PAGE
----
You could as Memblers suggested, run your actual game program on the coprocessor which would be much faster than the 1.79mhz 6502 type cpu. This would mean you would have alot more time to calculate game logic, meaning you could have even more complex game logic. This also means that the host CPU in the NES, similar to the SNES with SA-1, could just have the tasks of taking the update data for video updates and sending them to the PPU and other general tasks that it must do.

Perhaps your coprocessor could handle decompression as well. That was popular on SNES for graphics. Many games just used the large amount of RAM in the SNES and the main cpu, where as other games like Street Fighter Alpha 2 and Star Ocean had the SDD1 that could decompress graphics extremely fast.

With a coprocessor maybe you could do a 3D game sort of like Star Fox.

If you did put a coprocessor in a NES cartridge you'd probably want to carefully consider what you want to do before choosing what hardware to use. If you were to make a general purpose board for other developers to use, it might make the most sense to have the CPU be 65xx based so learning curve to use it would be minimal.

That really would be cool to put a fast 65xx type CPU in a cartridge as a coprocessor maybe along with some audio enhancement.

by on (#69952)
MottZilla wrote:
That really would be cool to put a fast 65xx type CPU in a cartridge as a coprocessor maybe along with some audio enhancement.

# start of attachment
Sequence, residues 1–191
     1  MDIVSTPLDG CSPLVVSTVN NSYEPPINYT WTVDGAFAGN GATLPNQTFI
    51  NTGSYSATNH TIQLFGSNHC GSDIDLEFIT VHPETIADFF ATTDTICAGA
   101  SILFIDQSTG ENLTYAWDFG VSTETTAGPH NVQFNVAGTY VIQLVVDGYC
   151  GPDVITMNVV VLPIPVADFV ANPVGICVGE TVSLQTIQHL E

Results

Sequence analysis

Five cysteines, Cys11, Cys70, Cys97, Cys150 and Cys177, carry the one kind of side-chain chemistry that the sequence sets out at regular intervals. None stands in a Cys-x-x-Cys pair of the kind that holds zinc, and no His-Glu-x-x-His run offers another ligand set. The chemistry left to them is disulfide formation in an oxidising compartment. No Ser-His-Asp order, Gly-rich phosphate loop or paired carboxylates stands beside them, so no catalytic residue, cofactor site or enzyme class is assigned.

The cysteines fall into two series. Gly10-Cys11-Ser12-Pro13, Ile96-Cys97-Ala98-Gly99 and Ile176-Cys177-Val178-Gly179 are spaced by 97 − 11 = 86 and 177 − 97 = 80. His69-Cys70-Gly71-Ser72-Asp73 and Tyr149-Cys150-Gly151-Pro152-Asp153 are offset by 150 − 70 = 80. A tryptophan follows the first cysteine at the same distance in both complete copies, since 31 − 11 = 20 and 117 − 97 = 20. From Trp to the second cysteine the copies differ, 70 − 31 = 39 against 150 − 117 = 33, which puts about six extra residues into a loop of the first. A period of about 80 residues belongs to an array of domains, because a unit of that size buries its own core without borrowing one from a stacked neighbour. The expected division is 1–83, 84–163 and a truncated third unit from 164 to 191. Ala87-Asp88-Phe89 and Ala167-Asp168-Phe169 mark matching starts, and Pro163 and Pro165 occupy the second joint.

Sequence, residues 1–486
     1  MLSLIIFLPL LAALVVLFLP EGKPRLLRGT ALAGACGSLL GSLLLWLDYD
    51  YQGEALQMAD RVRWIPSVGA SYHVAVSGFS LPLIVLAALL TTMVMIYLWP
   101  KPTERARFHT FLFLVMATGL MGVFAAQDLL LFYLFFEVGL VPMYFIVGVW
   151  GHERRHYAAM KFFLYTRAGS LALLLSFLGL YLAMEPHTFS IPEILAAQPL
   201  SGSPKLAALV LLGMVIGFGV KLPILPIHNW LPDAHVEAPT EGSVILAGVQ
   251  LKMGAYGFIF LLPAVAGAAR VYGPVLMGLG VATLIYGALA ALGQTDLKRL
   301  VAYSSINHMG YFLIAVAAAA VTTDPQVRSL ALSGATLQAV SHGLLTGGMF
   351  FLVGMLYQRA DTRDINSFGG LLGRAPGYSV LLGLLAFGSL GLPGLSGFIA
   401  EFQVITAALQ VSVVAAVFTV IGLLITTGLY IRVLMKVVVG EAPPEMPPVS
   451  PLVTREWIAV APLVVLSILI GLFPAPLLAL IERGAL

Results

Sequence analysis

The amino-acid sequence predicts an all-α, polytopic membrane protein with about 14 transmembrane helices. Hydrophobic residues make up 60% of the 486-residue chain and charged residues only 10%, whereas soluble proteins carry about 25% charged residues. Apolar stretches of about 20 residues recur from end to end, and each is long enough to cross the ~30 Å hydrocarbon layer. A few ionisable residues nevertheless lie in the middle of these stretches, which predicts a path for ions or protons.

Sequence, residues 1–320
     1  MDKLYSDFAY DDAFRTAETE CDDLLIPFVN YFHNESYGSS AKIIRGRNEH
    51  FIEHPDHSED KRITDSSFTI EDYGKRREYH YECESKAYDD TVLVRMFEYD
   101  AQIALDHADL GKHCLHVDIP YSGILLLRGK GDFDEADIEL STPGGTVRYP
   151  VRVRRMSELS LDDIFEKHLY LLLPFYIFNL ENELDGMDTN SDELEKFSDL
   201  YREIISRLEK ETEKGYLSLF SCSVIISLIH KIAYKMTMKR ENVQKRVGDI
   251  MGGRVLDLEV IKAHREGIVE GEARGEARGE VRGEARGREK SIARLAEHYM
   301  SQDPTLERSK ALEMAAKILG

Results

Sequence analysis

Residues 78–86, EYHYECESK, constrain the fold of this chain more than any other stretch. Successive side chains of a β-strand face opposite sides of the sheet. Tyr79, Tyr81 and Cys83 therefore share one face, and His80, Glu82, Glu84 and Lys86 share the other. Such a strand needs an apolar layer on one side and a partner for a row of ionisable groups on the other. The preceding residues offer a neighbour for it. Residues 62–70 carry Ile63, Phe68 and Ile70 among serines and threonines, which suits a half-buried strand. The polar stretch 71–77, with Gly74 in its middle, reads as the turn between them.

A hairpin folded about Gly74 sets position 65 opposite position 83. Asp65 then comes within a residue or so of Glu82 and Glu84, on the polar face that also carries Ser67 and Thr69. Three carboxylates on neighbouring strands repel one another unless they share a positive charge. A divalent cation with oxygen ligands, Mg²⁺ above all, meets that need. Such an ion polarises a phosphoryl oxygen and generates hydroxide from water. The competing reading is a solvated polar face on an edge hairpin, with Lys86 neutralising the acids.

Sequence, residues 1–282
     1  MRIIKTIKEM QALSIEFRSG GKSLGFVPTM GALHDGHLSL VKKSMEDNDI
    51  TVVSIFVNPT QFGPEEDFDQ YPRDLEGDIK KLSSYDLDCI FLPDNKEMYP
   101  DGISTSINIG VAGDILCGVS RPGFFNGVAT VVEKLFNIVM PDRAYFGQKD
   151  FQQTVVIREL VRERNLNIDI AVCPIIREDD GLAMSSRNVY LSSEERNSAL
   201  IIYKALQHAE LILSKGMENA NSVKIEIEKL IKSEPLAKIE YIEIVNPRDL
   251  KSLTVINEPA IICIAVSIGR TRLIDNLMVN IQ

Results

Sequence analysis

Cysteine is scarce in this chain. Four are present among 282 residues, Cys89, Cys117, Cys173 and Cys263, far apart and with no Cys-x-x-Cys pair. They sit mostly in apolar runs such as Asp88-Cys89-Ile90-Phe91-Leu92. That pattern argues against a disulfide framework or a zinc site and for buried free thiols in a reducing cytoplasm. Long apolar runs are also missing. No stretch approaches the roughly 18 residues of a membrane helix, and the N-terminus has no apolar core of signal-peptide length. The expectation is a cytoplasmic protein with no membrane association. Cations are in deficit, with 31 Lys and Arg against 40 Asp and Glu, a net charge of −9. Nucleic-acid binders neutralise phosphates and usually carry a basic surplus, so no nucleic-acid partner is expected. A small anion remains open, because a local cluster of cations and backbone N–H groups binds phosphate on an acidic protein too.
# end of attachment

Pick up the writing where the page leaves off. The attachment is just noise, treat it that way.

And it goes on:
What I hoped to do was emulate the 6502. I've got the sound part covered (not complete yet). PIC32 natively runs 1 instruction per clock @ 80mhz, so I'm sure it could at least match the NES CPU's performance even with an unoptimized emulator. The audio stuff will load the CPU down, depending on the number of audio channels (and sample rate).

I looked into using real 65xx hardware, but really, there wasn't anything good for the price (especially with their MCUs). It looks like the 32-bit version might never be seen.

by on (#69959)
MottZilla wrote:
If you were to make a general purpose board for other developers to use, it might make the most sense to have the CPU be 65xx based so learning curve to use it would be minimal.

That or some sort of ARM on which one can easily use C++.[1] Imagine Super Game Boy... advance.


[1] But not necessarily the icky parts.